9/11 Thoughts, Mozart and the Architecture of MoodPosted: September 10, 2011
Architects create environments, and we each create our own environments (of mood) by the choices we make: what to think about, what to let go of, where to go, what to do, what to say. As I was running an errand on the way to the office today, feeling a bit anxious about tomorrow, I popped on the AM news channel (to see if the world was still safe), but they were running a commercial involving sky diving, of all things, so I quickly flipped to Sirius XM Symphony Hall, and was fortunate enough to catch the last half of Mozart’s Symphony #20 in D Major, performed by the Academy of Ancient Music (who I’ve seen perform live once). Thanks Mozart, once again, for architecting a paradigm shift; a transformative experience of mood, one that transcends space, time, and circumstance. I have had this experience with Mozart many, many times. His music creates a “mood environment” that reminds me of beauty, of the nobility of human spirit, of the capability of a genius to create something perfect (a work of art, writing, music) that can in fact, instantly uplift, just by its existence. Symphony # 20 was composed when Mozart was only 16. It has simplicity, delicacy, and feels light yet triumphant. Just right for today!
Today is a lot of things. It is the anniversary of my mother’s death. It is the eve of the tenth anniversary of 9/11. It is a working Saturday for me (ugh). But, it is also the day my business partner became a grandpa for the first time (congrats to the whole clan on the arrival of Alison!). But, the economy is still bad, and politicians have the country more polarized than ever. But, the clouds played a rousing drum solo (thunderstorm) this morning, and rained and hailed (in September in CA!) to remind us that many things both scary and wonderful are beyond our control. It is indeed hard to remember to reframe things.
Last night, at a Synagogue Shabbat Service, I was asked to read this brief piece, which is an edited excerpt of a larger piece written by a real 9/11 survivor (you can find the larger piece by Googling “My name is Usman Farman”):
My name is Usman Farman. I graduated from Bentley with a Finance degree last May. I am 21 years old, turning 22 in October. I am Pakistani, and I am Muslim. Until September 11th 2001, I used to work at the World Trade Center in building #7. I had friends and acquaintances who [also worked in there]… Some made it out, and some are still buried under the rubble.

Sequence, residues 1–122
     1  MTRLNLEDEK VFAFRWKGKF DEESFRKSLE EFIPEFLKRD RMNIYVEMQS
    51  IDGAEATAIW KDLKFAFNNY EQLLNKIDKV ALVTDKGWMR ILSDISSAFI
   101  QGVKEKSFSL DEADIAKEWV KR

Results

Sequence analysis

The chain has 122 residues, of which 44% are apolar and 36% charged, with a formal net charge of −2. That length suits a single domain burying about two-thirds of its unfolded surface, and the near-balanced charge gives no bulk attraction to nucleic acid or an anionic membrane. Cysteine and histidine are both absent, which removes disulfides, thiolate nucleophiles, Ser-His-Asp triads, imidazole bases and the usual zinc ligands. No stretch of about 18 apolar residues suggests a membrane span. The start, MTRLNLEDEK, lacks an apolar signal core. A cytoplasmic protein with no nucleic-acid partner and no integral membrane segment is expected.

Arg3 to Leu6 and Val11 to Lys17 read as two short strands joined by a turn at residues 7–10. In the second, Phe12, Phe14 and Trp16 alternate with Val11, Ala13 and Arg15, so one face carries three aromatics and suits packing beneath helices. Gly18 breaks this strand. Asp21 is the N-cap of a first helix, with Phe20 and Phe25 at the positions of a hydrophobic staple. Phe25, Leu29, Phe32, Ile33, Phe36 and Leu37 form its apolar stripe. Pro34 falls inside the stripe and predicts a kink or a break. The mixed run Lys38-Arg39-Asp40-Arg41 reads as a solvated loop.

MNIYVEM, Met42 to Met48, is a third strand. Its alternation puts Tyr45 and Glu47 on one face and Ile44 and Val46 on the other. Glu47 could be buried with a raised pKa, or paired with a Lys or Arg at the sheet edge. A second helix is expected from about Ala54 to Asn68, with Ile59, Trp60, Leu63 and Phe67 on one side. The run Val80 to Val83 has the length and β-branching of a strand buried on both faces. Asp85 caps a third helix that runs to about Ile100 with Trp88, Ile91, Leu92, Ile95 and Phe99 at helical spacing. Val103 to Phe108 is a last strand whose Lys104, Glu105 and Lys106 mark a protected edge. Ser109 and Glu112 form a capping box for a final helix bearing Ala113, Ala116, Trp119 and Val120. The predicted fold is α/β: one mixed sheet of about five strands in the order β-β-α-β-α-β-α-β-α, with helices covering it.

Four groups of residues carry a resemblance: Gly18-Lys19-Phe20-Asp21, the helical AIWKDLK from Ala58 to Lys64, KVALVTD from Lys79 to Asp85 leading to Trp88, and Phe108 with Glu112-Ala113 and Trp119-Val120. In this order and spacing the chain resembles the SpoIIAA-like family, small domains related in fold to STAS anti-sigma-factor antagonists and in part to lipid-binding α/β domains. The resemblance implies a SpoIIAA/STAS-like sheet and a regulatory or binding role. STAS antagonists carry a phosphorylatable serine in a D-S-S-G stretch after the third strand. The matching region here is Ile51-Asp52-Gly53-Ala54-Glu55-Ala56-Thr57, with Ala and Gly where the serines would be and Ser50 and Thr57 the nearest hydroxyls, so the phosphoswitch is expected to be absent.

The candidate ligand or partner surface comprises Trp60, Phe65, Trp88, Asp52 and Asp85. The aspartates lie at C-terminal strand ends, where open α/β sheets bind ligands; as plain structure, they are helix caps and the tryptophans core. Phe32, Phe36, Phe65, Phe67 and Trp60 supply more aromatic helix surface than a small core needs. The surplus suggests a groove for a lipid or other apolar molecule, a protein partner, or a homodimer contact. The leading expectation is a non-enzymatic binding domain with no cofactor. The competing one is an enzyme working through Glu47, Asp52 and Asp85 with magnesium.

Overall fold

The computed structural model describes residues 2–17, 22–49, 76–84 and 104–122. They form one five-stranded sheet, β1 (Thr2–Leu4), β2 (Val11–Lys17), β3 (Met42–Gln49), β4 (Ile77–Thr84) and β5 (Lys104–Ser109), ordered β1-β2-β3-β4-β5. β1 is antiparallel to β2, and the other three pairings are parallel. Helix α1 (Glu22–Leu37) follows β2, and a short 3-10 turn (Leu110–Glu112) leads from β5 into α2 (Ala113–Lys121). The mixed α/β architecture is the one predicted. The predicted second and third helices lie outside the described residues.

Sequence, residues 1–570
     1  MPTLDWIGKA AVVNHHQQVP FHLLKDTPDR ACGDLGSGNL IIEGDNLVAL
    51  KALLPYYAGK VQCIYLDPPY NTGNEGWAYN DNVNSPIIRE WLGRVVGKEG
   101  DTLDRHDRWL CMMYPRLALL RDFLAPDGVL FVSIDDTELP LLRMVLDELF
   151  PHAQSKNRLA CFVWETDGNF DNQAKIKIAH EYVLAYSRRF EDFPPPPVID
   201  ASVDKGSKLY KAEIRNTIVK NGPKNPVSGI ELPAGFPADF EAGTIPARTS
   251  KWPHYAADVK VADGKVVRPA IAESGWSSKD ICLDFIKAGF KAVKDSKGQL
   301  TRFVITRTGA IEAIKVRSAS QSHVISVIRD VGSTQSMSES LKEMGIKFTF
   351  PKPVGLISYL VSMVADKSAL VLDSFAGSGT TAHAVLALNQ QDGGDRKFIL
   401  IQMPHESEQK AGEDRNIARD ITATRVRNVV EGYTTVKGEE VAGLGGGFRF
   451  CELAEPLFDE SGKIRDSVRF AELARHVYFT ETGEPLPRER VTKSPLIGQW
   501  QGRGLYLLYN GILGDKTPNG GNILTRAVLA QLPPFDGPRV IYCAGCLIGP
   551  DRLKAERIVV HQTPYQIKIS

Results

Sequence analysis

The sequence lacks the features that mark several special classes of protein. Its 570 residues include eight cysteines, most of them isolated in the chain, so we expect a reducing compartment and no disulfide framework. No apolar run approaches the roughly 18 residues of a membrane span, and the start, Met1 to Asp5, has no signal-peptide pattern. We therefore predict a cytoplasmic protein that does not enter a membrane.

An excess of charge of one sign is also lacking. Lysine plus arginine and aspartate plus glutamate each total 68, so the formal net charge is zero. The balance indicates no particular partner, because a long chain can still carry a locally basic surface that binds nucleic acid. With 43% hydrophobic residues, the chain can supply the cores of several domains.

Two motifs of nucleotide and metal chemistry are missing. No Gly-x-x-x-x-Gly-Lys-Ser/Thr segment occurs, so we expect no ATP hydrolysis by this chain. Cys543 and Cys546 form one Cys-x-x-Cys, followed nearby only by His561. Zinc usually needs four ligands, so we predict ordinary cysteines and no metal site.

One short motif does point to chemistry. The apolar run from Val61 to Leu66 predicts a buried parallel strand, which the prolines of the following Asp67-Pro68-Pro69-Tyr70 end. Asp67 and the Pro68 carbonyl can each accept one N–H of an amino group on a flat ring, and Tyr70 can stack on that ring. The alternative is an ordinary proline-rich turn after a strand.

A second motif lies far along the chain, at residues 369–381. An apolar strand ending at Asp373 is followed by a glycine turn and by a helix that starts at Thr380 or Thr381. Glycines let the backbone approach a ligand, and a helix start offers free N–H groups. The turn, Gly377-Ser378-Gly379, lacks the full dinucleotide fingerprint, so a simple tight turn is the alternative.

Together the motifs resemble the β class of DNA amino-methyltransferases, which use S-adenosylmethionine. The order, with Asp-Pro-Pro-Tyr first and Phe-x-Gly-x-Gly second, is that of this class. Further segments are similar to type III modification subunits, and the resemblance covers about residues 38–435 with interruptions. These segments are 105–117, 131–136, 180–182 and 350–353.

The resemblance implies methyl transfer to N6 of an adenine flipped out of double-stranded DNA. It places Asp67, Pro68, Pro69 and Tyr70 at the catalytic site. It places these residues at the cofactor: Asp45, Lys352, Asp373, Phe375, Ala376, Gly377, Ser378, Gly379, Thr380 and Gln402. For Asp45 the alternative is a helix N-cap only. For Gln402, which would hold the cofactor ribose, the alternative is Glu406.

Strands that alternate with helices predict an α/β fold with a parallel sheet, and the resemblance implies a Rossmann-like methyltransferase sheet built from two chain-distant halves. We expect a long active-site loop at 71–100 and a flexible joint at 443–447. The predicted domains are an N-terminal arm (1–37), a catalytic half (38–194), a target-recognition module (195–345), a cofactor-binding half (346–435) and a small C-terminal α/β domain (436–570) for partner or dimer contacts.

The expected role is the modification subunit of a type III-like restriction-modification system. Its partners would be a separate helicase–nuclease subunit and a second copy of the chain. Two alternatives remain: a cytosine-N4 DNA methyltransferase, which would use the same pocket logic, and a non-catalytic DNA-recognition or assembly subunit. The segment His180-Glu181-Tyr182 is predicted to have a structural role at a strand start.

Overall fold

We were evacuated to the North side of building 7. Still only 1 block from the towers. The security people told us to go north and not to look back. 5 city blocks later I stopped and turned around to watch. With a thousand people staring, we saw in shock as the first tower collapsed….. The next thing I remember is that a dark cloud of glass and debris about 50 stories high came tumbling towards us. I turned around and ran as fast as possible and I fell down trying to get away.
I was on my back, facing this massive cloud that was approaching… everything was already dark. I normally wear a pendant around my neck, inscribed with an Arabic prayer for safety. . A Hasidic Jewish man came up to me and held the pendant in his hand, and looked at it. He read the Arabic out loud for a second. What he said next, I will never forget. With a deep Brooklyn accent he said “Brother, if you don’t mind, there is a cloud of glass coming at us, grab my hand, let’s get the hell out of here.” He helped me stand up, and we ran for what seemed like forever without looking back. He was the last person I would ever have thought, who would help me. If it weren’t for him, I probably would have been engulfed in shattered glass and debris.
Today is a lot of things. What is it for you? What are your thoughts on the eve of 9/11 x10? We can hate or we can love. We can help or we can hurt. Usman Farman closed out his brief essay / speech with this thought: “The one thing that won’t help, is if we fight amongst ourselves, because it is then that we are doing exactly what they want us to do, and I know that nobody here wants to do that.”
The President would like tomorrow to be a day of service. I will be focusing on “homeland security” – literally – installing child safety gates, door locks, bed rails, etc. for a new phase of grandparenting – having both an almost 3 year old and a 5 month old at our home regularly for child care. It will be both a chore and a pleasure, a pathway to the incredible joy I have at being a grandfather.
Today is also Christopher Hogwood’s 70th birthday. Christopher is the founder of the Academy of Ancient Music, who I thank for giving me perspective this morning with their wonderful performance of Mozart’s 20th Symphony.
Today is death and birth, like every day. I hope you all have peace, and can “architect” a positive mood tomorrow, and if you have grandchildren, or someday will, that we can pass along this peace for generations to come!